It started as joke, on that June day, on the island of Java. I was bragging to anyone who would listen that I would be enlightened by noon. I had faith that that kidding around about faith could lead to some type of personal revelation regarding truth. I was wrapped in a sarong that was identical to the black and white print bedspread from India that I used in my college dorm room. It was a gift from the hotel and a requirement for entering a Buddhist temple, monastery, or shrine. Even though I looked like a fat sausage with elephants parading across my thighs, I was ready to tackle the stairs of Borobudur.
I began my climb. It was ninety degrees. On Level 3, I was hot and sweating. Perhaps an enlightened being radiates heat. The steep irregular stone stairways with crowds of tourists clamoring upward were exhausting. On Level 5, I was tired. Perhaps an enlightened state is one of exhaustion. Finally I reached Level 6. What? Barricades blocked the last stairway? The last levels were off limits because of an earthquake? No touching a Buddha? No lightening bolt? Enlightenment was closed for renovation? I was trapped in a Swedish film where truth is elusive, and a state of grace is never attained. I headed straight down the stone stairs and back to the hotel to sulk over an unenlightened lunch.
That is when I spotted him, sitting there at the large round table in his flowing orange robe, with his entourage doting on him like golden retrievers. I was impressed with his outfit. The heavy silk hung in waves that lapped around his legs and chest. I smiled and apologized for the interruption, and asked for his photograph. He was as close to holy as I would get to that day.  I was told that he was a monk from Thailand. He had come to Borobudur on a pilgrimage. He sat Buddha-like on the dining room chair and forced a smile for me. I explained to him my frustration at being barred from touching one of the illusive Buddhas at the top of the shrine, and therefore barred from enlightenment.  He nodded once, like someone who had no idea what I was talking about. I then posed the question: If you touch a monk, is it the same thing as touching a Buddha? I wanted clarification about his faith.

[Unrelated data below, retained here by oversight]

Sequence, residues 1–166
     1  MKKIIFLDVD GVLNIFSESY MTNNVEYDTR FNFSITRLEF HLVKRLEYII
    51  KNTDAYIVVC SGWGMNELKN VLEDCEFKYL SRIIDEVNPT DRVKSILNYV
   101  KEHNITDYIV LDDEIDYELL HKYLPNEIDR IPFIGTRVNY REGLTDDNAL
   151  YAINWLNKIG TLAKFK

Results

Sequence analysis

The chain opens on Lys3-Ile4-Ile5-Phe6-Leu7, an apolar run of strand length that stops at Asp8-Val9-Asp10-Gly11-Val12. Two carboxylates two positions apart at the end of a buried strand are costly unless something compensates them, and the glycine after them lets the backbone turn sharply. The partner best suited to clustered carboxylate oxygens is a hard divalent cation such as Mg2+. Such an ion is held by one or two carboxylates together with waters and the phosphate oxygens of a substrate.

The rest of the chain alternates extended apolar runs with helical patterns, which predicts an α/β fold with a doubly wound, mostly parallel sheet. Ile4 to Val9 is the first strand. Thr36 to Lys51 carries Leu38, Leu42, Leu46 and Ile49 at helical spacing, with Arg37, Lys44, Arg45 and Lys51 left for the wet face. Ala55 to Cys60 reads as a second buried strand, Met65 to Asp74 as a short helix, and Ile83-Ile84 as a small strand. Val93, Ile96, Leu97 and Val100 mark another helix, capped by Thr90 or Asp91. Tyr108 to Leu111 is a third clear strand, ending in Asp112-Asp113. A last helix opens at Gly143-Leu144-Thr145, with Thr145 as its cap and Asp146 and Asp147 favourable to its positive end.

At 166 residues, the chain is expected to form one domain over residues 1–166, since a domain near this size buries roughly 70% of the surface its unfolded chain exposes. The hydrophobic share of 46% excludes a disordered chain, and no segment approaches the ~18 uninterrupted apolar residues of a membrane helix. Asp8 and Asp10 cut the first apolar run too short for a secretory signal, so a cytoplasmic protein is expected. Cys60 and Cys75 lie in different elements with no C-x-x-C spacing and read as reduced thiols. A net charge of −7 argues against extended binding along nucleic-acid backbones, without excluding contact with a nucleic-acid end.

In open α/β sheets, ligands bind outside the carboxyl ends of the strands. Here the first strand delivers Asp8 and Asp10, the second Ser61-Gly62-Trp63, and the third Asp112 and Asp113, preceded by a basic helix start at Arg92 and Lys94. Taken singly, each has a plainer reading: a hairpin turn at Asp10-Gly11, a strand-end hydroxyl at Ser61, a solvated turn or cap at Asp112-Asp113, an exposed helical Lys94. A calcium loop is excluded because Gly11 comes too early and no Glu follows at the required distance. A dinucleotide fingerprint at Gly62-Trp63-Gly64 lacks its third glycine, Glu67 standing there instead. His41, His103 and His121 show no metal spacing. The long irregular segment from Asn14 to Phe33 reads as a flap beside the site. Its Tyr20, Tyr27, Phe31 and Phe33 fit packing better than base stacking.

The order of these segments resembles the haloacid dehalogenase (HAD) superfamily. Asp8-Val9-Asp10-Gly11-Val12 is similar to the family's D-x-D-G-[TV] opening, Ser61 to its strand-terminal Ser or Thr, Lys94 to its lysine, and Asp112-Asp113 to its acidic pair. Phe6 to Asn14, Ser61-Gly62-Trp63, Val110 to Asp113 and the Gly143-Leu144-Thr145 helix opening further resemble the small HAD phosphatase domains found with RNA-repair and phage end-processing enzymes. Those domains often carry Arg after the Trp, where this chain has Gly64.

That’s when I did the unthinkable. I touched him. With the impeccable timing of a batta bing, when my question was finished and the word Buddha had leapt from my lips, I grabbed his leg just above the kneecap. He reacted like I had crammed a live electrical cord in his mouth, or like a python had just crawled up his legs beneath that orange robe. He recoiled as shock waves radiated across the miles of silk that enveloped his body. His companions gasped audibly. What? What? I asked. You can’t do that, they cried! Why? What have I done? I noticed that the poor man had practically climbed up upon his seat, knees to his chest with a look of fright plastered on his previously stoic face. You can’t touch a monk, they chimed in unison like a Greek chorus. Why not? I asked. He’s chaste. He’s never touched a woman! Oh shit, I said. I didn’t know. There isn’t a sign that says you can’t touch a monk! Everyone stared as if Satan was speaking. I’m sorry. I’m so sorry. Are you are going to have to get sterilized, or start at level one again? I was desperately trying to break the tension, but no one laughed.